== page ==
Get answers to common food preservation questions

University of Illinois Extension

Keep your family safe by using research-based best practices for preserving foods. University of Illinois Extension is providing a daily tip throughout August. (Photo courtesy of Oregon Extension Services)

Food preservation techniques, such as canning, freezing, or pickling, increases the shelf-life of food. When done correctly, families have delicious, safe, and healthy food to enjoy throughout the winter months. University of Illinois Extension will provide safe food preservation tips throughout August.

“Many food preservation practices have changed since your grandmother’s time,” says Diane Reinhold, Illinois Extension nutrition and wellness educator. “Staying up-to-date is vital to ensure you are producing safe, quality foods for you and your family.”

Carefully following tested recipes and using the correct equipment is key, Reinhold says. For example, metal screw bands should be removed from jars after canning to avoid rust forming from moisture under the lids.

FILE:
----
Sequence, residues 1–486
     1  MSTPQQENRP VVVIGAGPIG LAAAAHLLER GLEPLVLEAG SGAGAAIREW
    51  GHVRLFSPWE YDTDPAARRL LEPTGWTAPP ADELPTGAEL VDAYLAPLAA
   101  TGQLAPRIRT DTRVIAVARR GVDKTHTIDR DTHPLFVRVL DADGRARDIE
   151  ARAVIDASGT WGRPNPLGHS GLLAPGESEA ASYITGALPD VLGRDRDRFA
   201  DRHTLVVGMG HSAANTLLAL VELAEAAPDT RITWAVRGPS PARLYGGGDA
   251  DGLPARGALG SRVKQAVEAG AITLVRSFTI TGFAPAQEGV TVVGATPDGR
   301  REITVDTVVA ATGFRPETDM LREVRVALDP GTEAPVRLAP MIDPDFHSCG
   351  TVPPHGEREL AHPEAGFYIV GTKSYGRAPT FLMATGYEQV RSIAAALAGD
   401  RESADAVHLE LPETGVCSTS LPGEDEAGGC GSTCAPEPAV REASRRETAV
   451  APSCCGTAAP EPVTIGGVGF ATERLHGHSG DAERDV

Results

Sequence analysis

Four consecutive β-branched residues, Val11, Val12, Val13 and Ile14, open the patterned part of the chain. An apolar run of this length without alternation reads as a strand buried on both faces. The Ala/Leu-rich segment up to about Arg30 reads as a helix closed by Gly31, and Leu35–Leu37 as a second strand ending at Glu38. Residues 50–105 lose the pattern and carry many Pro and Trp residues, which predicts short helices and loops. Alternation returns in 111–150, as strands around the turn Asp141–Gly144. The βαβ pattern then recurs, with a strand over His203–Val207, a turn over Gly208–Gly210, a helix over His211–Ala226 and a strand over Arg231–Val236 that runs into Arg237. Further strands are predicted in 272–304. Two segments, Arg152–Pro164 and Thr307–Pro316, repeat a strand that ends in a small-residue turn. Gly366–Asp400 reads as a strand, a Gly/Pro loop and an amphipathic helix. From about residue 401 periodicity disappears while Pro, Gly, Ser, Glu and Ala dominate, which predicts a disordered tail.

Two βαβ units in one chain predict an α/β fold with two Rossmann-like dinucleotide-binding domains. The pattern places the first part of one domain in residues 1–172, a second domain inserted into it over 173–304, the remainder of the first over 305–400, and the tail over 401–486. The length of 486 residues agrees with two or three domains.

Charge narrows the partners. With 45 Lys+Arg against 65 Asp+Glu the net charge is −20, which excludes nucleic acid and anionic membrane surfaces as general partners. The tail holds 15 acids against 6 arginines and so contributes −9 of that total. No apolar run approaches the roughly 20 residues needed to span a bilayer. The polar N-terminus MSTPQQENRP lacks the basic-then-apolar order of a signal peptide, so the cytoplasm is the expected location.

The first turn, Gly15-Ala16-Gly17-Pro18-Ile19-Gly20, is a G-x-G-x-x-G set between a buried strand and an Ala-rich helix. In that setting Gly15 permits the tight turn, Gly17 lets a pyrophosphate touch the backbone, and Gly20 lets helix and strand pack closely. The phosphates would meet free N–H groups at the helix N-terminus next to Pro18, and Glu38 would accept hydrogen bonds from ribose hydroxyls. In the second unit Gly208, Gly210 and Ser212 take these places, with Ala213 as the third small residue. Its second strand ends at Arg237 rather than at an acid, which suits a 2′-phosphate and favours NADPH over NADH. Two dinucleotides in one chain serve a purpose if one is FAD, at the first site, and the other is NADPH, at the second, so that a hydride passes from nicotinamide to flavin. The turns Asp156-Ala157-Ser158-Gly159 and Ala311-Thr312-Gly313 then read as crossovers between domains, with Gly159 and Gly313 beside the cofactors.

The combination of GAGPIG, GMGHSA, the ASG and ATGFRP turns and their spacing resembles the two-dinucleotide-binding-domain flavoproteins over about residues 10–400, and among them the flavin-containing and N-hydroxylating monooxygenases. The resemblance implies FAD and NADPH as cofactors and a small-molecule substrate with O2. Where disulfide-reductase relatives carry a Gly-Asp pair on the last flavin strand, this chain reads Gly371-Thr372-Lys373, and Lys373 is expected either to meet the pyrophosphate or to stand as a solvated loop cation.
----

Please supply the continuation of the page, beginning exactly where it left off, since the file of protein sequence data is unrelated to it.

Many traditional preservation practices have been determined to increase risk for harmful food-based illnesses. For example, though a mainstay for families in the middle of the 20th century, half-gallon jars are now only recommended for use with acidic fruit juices.

Because of the need for a temperature of 240 degrees, pressure canners are the only safe method for processing many vegetables, meats, poultry, seafood, and soups at home.

“It is that combination of high temperature, a prolonged processing time, and acid level that will destroy the bacteria and toxic bacterial spores produced by C. botulinum spores,” Reinhold says. Two outdated methods include open kettle and dry canning methods.

Illinois Extension offered a virtual eight-week summer webinar series on home food preservation practices covering a variety of topics ranging from the basics on canning, fermenting, freezing, and dehydrating to sessions focused on preserving jams and jellies, pickles, apples, and tomato products. More than 1,500 people attended one or more of the webinars. The Fill Your Pantry: Home Food Preservation recorded webinar series are available online at no cost.

“Recognizing that many people still have questions about home preservation, Illinois Extension will provide a month-long social media campaign providing daily practical tips related to food preservation as a complement to this webinar series,” says Reinhold. Instructional materials are also available for download.